Awesome. And despite me sending the files off to the printers with just ten days to Dragonmeet, they delivered with days to spare. Three whole copies of the WILD pitch. THREE. Talk about limited edition!

Dragonmeet was cool. Busy and exciting. Huge as well. So much bigger than last time I'd gone. I'd only been there a matter of minutes before Dom from Cubicle 7 dragged me off to a secluded location to record a podcast for "Wibbly Wobbly Dicey Wicey" - a Podcast dedicated to Doctor Who roleplaying. That was great fun - I'll post a link to the podcast when it is published.

I showed the pitch off, and hopefully there will be some news about the future of WILD soon. But I don't want to jinx it. I'm just going to keep plugging away at it. Writing the pitch document has revealed some areas I want to rewrite and redesign, which I'll start work on in the next few days.

[2020] After that, there was a huge silence. Nothing. Nada. Last year's Dragonmeet I went again with a cool WILD T-shirt and hoped it would spark some sort of interest from the big publishers I talked to the previous year, in a "Hey, remember me, we talked about that game last year?" but nothing...

With no major publishers interested it looks like WILD may be going the smaller, indie route in 2020. I just need to get back to it. 

After Dragonmeet it was a most definite return to the holding pattern - unable to work on anything except the dayjob and madness that is working in retail over the festive period. With just a couple of days before the kids go back to school, things will return to a slower, calmer pace and I can reassign some energies to working on the writing, and what I want to get done this year.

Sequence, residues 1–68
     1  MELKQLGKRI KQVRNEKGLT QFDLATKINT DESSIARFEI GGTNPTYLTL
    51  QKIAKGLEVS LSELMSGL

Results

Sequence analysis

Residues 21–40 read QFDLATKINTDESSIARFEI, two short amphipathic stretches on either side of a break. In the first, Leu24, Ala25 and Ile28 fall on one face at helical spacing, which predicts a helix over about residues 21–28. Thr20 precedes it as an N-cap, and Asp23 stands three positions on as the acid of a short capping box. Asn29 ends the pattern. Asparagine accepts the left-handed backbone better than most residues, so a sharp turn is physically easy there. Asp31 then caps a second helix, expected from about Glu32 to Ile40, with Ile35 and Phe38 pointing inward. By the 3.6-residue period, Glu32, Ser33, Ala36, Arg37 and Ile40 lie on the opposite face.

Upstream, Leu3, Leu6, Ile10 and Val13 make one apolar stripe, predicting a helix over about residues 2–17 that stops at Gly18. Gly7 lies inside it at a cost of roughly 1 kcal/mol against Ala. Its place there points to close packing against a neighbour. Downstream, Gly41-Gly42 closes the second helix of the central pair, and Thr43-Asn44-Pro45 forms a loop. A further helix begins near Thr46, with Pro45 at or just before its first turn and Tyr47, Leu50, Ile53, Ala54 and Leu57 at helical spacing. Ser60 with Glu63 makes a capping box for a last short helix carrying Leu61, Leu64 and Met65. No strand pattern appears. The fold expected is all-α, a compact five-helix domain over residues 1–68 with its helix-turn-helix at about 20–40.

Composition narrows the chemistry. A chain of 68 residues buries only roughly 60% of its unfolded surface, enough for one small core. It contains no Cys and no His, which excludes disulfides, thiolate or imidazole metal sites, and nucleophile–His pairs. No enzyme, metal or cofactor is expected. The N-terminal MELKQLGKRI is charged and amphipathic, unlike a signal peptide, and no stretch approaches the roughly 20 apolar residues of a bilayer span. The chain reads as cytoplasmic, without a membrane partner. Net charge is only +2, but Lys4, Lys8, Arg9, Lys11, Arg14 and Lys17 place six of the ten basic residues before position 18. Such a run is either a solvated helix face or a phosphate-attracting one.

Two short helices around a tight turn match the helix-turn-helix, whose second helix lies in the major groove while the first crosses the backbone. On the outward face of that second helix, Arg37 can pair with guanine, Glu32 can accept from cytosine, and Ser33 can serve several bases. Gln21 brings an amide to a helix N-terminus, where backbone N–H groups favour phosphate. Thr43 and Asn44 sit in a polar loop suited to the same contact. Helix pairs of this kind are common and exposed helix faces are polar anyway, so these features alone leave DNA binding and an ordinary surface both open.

Most blogposts posted to the interwebs on the first of a year is all about the writer expressing their hopes and dreams for the coming year.

I hope to write more - get more written for WILD, unless something bigger and cooler comes along that would actually pay...

I hope to escape the day job - but I know this is unlikely. Gotta pay those bills!

[2020] - 2019 saw a couple of big job interviews that would have meant I could finally escape the hellscape of retail, but while it looked hopeful for a while, even they fell by the wayside. I'm going to be stuck in retail until I die aren't I? 

I hope to escape the city - I'm a country boy at heart.

With that, I'll close the blog with a track from my wife's favourite band of the last year. [2020] and this year. She's barely listened to anything else, but "Leave the City" still remains incredibly apt...

May 2020 bring you everything you hope. May it be kind to you, bring you prosperity and good health, and bring your dreams to life.

Stay multi-classy!

1 comment:

Anonymous said...

Stuff innit? WHere, what and how to fix it? To move on up? Shouting in and echo chamber. There is a ledge, a step, and billions of us are trying to get over it. Like the city wall in World War Z, except the zombies are talented people and the desperate humanity are the publishers looking for a solution and a way out... And thinking we will rip them to pieces if we get too close. Which we probably will.

Love and hugs and brighter futures,
Milo. xxx